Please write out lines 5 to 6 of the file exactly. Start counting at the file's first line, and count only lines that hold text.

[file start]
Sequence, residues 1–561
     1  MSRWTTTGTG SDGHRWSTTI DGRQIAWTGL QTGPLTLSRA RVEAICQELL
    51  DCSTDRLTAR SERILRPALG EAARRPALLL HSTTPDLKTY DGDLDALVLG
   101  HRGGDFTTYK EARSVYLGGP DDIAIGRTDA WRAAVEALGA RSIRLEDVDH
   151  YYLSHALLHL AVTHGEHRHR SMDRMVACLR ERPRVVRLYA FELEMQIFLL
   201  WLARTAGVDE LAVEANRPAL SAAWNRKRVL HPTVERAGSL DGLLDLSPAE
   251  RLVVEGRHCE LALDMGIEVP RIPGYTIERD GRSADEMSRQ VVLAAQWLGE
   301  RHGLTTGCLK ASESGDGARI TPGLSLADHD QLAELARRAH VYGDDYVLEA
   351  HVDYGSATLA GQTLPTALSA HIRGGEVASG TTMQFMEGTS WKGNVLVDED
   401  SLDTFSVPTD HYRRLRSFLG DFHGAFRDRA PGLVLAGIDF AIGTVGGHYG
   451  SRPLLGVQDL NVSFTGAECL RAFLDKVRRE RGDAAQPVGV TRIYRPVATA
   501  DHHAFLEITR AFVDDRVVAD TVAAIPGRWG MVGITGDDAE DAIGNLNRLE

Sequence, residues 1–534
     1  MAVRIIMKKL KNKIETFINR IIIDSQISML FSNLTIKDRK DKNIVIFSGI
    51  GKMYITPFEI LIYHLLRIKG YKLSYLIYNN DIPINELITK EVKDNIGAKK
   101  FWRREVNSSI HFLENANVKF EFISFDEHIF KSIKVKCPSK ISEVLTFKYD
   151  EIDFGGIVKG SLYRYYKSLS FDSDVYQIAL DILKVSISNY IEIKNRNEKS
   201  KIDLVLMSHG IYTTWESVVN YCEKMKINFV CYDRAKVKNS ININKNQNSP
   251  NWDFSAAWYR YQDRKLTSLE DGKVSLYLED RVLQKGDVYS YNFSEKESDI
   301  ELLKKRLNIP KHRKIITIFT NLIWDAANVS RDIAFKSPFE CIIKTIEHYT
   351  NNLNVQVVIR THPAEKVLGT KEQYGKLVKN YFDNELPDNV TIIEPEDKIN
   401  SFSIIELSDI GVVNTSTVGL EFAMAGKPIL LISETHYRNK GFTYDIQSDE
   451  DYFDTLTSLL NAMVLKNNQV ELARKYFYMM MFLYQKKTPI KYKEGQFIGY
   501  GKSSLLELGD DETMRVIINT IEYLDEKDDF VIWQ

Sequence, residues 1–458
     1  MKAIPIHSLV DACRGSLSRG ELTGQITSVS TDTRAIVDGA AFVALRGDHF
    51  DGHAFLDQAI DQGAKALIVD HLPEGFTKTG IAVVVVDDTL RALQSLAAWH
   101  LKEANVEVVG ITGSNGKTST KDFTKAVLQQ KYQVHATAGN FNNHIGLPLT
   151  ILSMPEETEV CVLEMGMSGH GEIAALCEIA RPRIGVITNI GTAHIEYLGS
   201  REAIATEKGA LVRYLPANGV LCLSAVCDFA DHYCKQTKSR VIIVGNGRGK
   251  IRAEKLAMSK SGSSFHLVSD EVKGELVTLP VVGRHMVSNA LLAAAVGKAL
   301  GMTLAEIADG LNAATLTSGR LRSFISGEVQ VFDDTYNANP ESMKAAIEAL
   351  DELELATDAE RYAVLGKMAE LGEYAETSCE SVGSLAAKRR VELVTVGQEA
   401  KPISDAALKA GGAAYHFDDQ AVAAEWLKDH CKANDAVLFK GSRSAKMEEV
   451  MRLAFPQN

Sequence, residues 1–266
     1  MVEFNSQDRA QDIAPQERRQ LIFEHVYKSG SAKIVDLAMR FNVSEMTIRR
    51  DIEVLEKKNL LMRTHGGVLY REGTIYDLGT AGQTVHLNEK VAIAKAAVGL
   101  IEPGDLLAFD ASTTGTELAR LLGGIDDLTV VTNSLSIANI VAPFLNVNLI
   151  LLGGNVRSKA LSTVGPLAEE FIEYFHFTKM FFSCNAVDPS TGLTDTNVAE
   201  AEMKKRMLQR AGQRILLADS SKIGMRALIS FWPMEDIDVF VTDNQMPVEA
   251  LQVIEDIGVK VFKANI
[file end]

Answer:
   151  YYLSHALLHL AVTHGEHRHR SMDRMVACLR ERPRVVRLYA FELEMQIFLL
   201  WLARTAGVDE LAVEANRPAL SAAWNRKRVL HPTVERAGSL DGLLDLSPAE